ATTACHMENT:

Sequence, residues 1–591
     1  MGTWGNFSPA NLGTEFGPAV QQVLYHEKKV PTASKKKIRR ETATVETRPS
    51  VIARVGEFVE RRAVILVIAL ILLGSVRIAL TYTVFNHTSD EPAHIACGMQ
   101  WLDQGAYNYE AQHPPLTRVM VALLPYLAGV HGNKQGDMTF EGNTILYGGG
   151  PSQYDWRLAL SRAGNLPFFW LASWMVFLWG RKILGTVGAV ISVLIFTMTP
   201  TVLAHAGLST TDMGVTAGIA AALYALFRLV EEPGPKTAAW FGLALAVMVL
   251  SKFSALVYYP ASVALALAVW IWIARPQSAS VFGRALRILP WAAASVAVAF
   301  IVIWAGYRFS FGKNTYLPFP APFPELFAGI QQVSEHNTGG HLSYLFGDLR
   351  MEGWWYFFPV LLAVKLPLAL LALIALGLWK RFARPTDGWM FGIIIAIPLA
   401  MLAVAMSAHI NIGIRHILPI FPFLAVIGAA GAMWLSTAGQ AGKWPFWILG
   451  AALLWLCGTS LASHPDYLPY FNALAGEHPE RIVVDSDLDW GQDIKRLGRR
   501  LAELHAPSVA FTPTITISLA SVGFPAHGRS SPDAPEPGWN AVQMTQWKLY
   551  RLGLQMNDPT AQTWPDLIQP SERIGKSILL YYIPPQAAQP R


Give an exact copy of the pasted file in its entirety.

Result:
Sequence, residues 1–591
     1  MGTWGNFSPA NLGTEFGPAV QQVLYHEKKV PTASKKKIRR ETATVETRPS
    51  VIARVGEFVE RRAVILVIAL ILLGSVRIAL TYTVFNHTSD EPAHIACGMQ
   101  WLDQGAYNYE AQHPPLTRVM VALLPYLAGV HGNKQGDMTF EGNTILYGGG
   151  PSQYDWRLAL SRAGNLPFFW LASWMVFLWG RKILGTVGAV ISVLIFTMTP
   201  TVLAHAGLST TDMGVTAGIA AALYALFRLV EEPGPKTAAW FGLALAVMVL
   251  SKFSALVYYP ASVALALAVW IWIARPQSAS VFGRALRILP WAAASVAVAF
   301  IVIWAGYRFS FGKNTYLPFP APFPELFAGI QQVSEHNTGG HLSYLFGDLR
   351  MEGWWYFFPV LLAVKLPLAL LALIALGLWK RFARPTDGWM FGIIIAIPLA
   401  MLAVAMSAHI NIGIRHILPI FPFLAVIGAA GAMWLSTAGQ AGKWPFWILG
   451  AALLWLCGTS LASHPDYLPY FNALAGEHPE RIVVDSDLDW GQDIKRLGRR
   501  LAELHAPSVA FTPTITISLA SVGFPAHGRS SPDAPEPGWN AVQMTQWKLY
   551  RLGLQMNDPT AQTWPDLIQP SERIGKSILL YYIPPQAAQP R